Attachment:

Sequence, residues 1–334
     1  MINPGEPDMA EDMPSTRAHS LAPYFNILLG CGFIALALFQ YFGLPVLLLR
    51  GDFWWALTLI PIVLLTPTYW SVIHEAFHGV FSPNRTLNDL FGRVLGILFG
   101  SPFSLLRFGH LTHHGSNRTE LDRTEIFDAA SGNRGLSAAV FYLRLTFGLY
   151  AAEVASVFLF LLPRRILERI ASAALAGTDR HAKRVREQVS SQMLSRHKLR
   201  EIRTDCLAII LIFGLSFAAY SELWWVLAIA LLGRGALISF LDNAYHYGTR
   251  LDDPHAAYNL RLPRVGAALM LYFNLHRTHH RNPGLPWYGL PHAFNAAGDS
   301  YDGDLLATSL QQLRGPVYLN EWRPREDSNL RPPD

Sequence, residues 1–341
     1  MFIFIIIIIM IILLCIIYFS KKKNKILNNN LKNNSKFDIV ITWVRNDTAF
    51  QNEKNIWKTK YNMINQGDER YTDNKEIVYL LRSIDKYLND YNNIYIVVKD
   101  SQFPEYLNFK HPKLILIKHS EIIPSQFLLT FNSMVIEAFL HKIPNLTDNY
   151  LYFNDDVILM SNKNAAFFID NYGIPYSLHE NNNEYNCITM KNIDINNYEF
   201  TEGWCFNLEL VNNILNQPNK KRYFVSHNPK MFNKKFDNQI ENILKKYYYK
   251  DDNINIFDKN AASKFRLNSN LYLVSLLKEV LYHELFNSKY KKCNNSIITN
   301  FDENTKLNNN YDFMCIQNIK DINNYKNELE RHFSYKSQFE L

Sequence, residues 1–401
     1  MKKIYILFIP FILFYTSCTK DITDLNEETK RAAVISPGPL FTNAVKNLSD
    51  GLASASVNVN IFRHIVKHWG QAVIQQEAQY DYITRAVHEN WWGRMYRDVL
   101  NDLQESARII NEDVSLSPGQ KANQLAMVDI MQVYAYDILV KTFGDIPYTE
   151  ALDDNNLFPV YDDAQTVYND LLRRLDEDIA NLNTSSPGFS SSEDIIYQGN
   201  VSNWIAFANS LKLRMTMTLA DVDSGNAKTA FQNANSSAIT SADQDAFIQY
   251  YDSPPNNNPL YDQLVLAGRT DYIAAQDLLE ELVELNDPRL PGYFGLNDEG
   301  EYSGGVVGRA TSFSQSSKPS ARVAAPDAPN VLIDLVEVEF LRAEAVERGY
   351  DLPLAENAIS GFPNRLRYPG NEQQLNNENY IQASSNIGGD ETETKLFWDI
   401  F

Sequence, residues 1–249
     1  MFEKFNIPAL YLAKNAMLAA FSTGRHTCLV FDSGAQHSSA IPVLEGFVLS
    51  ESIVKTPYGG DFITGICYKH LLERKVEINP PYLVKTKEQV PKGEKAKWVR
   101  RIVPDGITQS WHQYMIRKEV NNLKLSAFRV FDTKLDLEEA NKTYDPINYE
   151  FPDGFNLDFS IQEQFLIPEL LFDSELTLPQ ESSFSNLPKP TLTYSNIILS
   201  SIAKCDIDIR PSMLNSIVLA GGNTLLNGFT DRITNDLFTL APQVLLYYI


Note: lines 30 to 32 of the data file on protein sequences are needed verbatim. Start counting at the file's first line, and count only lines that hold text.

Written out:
   101  RIVPDGITQS WHQYMIRKEV NNLKLSAFRV FDTKLDLEEA NKTYDPINYE
   151  FPDGFNLDFS IQEQFLIPEL LFDSELTLPQ ESSFSNLPKP TLTYSNIILS
   201  SIAKCDIDIR PSMLNSIVLA GGNTLLNGFT DRITNDLFTL APQVLLYYI